Tuesday, February 2, 2010
Review of Dead Aid
Here is my review of the book "Dead Aid" by Zambian economist Dambisa Moyo. The book is no longer hot off the press and I've been sitting on this review for a couple of months, but I still want to add my take to the fray.
Conventional wisdom often assumes that foreign aid to Africa is an unassailable necessity. Trumpeted by popstars and politicians alike, foreign aid is usually offered as the essential tool to lift the neediest out of poverty.
The 2008 presidential election brought aid to the table as a salient foreign policy issue. Activists lobbied for increased aid to Africa while the democratic and republican presidential candidates competed with each other to make the grandest promises. There was talk of doubling, even tripling the amount of aid given to Africa. Meanwhile, little or no debate occurred in the mainstream media about what type of aid should be provided or even how to ensure that the money had a positive impact on the lives of those it was intended to reach. All that mattered was the scale of the figures. The more aid, it seemed, the better.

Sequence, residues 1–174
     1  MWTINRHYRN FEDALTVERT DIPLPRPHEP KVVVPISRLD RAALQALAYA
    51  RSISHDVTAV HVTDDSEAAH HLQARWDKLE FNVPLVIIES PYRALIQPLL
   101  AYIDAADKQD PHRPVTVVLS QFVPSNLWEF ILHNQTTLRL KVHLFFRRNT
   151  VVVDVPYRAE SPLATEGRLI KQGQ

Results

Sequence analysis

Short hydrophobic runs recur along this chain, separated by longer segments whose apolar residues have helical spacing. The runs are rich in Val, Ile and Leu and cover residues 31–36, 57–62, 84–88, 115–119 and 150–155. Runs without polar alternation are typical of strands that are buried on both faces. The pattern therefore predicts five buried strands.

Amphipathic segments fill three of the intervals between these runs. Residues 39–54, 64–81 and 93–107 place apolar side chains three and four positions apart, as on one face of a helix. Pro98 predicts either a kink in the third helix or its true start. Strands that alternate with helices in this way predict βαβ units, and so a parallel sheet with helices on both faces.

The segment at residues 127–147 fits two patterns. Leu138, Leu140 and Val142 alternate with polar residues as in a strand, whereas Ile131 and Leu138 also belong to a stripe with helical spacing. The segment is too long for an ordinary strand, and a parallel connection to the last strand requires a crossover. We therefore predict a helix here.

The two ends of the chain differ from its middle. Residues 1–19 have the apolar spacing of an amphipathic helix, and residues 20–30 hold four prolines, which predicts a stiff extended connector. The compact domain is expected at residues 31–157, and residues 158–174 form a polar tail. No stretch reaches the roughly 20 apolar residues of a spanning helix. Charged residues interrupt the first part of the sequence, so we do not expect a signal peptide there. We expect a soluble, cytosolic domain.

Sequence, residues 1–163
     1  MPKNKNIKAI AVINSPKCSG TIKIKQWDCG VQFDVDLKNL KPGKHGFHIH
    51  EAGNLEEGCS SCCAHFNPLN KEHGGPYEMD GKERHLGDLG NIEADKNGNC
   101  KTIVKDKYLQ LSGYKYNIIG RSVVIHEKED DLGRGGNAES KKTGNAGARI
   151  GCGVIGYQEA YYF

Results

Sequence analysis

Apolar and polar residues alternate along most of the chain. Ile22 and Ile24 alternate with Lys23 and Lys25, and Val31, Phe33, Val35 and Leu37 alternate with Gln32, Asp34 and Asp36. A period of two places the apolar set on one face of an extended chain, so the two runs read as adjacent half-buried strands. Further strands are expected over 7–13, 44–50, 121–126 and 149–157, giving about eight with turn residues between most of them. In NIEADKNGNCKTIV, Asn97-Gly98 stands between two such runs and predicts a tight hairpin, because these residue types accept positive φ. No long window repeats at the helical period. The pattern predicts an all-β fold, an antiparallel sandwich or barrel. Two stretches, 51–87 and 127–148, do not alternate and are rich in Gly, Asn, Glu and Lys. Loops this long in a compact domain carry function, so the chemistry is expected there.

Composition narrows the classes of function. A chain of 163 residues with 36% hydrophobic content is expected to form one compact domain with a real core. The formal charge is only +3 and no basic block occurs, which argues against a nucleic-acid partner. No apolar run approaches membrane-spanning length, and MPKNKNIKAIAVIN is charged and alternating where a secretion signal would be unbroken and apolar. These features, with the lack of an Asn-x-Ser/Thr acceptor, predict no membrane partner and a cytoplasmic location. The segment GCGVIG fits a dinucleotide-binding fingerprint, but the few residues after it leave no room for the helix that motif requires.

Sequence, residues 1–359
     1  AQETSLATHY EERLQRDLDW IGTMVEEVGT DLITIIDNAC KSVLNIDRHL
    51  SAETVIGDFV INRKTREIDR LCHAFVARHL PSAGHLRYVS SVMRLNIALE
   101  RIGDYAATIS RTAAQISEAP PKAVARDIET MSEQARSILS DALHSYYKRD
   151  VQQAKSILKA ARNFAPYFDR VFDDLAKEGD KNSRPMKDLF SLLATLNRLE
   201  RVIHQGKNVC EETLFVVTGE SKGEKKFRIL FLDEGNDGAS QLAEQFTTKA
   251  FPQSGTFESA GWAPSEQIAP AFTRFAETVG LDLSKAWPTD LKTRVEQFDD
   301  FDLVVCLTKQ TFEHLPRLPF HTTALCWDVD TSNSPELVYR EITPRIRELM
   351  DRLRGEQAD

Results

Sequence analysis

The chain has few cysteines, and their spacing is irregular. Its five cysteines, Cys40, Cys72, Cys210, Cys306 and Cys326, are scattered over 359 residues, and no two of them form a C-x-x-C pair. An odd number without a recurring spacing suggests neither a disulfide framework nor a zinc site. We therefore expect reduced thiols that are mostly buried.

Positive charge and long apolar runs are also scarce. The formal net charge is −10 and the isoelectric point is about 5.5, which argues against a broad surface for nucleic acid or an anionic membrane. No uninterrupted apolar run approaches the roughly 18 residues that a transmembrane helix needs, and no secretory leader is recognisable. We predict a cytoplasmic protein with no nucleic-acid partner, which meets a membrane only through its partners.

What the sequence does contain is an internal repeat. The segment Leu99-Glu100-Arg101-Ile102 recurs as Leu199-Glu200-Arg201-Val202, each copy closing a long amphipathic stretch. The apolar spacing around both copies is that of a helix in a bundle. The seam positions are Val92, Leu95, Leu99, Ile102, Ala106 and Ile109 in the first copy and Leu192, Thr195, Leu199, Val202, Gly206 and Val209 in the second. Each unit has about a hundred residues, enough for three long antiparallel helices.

Occasionally, a brave soul or two in the foreign policy world speaks up and questions the manner and scale with which aid is being distributed to Africa. It's usually not long however, before those dissenting voices are forgotten and it's back to business as usual; aid's place in international politics safely secured. The public conscience rests easily then, with the thought of simply throwing money in the general direction of the poor. Recently however, a new voice has emerged on the scene that has been hard to ignore. With the publication of her book Dead Aid, Dambisa Moyo, has reignited the foreign aid debate and this time it appears, the aid supporters are on the defensive. Ms. Moyo, an economist and trenchant critic of aid, lays a new round of criticisms on the aid establishment and behind her impressive resumé, which includes stints at the World Bank and the firm Goldman Sachs, she has a secret weapon, she's an African.